Hybrid mediation involves advice and support from other professionals. Most of us are now familiar with the process of mediation, where a separating couple sit with a mediator to work through and hopefully agree an arrangement as an alternative to court, however there is a new type of mediation called hybrid mediation which brings with it new elements to the process.
The difference between hybrid mediation and conventional mediation is that it can involve other professionals and experts such as accountants, valuers, independent financial advisers, psychiatrists, and independent social workers. The couple can also invite their respective lawyers to help advise and support them, during the mediation process. In this way, the mediator can spend time going between the couple and their legal advisers, to explore issues and discuss settlement proposals.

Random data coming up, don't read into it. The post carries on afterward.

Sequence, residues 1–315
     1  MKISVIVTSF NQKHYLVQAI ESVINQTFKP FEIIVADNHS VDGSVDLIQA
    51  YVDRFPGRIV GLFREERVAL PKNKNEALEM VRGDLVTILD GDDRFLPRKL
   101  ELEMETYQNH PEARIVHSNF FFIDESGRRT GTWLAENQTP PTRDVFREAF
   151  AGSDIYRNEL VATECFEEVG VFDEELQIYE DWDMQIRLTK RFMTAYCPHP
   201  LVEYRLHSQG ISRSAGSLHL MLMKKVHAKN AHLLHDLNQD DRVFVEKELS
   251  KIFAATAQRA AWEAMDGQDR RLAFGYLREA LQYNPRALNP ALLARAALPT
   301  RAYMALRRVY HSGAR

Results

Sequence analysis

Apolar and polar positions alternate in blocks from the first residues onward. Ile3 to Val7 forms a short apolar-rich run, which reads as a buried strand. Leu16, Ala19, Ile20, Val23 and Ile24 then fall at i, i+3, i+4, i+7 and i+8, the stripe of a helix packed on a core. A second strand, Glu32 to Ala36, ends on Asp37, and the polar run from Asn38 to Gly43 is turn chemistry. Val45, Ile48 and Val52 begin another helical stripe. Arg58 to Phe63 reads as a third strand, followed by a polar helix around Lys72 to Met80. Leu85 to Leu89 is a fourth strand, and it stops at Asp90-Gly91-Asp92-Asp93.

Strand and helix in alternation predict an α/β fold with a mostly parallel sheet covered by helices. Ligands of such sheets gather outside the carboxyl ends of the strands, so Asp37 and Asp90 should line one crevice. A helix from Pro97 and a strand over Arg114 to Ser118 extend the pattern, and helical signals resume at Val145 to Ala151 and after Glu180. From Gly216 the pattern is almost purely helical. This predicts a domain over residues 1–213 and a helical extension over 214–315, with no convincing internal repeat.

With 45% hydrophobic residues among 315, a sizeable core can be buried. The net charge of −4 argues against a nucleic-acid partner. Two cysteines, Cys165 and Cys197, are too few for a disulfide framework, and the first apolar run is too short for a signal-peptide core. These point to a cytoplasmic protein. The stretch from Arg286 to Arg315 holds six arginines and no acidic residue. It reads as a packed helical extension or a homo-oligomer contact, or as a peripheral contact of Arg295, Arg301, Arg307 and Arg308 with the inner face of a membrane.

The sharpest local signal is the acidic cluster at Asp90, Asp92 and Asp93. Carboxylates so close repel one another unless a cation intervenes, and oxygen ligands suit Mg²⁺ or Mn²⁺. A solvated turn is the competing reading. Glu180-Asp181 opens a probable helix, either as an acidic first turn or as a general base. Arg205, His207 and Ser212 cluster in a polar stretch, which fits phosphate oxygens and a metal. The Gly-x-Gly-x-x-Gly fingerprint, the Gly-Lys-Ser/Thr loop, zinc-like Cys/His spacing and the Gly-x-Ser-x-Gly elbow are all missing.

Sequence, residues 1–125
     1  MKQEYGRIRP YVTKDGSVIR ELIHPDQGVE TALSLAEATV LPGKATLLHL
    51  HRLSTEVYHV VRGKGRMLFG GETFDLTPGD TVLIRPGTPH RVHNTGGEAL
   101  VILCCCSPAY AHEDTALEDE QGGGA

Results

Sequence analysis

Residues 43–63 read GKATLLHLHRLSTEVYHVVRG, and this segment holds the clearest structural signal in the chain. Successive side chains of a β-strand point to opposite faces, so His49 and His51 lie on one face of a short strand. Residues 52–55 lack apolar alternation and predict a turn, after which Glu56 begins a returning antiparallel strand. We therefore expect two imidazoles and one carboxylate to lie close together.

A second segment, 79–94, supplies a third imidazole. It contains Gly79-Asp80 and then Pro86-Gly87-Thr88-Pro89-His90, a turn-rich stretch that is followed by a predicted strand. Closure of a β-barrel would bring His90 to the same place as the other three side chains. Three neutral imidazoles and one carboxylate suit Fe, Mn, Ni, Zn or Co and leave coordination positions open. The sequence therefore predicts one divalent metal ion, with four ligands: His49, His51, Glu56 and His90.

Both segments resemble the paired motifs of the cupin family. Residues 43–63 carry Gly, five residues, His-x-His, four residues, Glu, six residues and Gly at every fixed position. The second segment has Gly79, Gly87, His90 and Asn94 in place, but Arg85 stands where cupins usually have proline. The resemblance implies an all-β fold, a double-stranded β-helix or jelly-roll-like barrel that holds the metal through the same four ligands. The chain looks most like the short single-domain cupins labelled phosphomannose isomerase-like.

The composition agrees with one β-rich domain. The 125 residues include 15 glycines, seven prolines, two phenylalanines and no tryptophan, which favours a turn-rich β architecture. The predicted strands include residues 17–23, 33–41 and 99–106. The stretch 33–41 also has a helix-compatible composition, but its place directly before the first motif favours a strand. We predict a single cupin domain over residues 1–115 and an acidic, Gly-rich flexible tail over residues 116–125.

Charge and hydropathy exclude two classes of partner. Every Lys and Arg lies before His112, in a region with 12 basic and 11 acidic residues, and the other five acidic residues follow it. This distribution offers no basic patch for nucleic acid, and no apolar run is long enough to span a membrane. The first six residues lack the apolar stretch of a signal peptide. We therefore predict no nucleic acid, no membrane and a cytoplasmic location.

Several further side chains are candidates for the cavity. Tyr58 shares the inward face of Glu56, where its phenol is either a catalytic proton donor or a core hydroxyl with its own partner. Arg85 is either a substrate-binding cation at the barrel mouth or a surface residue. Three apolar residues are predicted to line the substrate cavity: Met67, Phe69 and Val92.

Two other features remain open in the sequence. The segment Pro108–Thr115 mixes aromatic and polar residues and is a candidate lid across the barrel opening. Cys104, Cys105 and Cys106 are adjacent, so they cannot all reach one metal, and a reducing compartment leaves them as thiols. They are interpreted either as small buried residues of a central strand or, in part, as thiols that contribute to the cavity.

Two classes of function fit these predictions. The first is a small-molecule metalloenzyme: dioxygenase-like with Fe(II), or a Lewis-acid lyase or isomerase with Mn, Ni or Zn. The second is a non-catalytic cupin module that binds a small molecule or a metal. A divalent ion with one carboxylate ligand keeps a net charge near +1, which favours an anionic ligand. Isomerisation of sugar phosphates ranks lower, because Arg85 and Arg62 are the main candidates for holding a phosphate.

This can be particularly effective where one of the couple feels uncomfortable, or under pressure from their former partner, and needs the additional support of their lawyer being present. It also enables the input of information that might be necessary to clarify the issues and so achieve an agreement, say from accountants, financial advisers and/or whatever other professional will assist the negotiating process dependent on the nature of the dispute. Like any mediation, this gives the couple an opportunity to achieve a settlement away from the stress, delays and costs of litigation.
Hybrid mediation can be appropriate for all issues that might face a separating couple, including the settlement of finances and property, and the childcare arrangements, or indeed, both.
Each of the separating couples will need to see the hybrid mediator separately to assess whether hybrid mediation or indeed, conventional mediation is appropriate. Like all mediations, the mediation sessions can last, however long, each of the couples considers to be appropriate for them, however, given the involvement of their lawyers and other professionals, it is normally most practical for a whole day to be set aside, so that all those participants can make a concerted effort to achieve a settlement at the end of that day.
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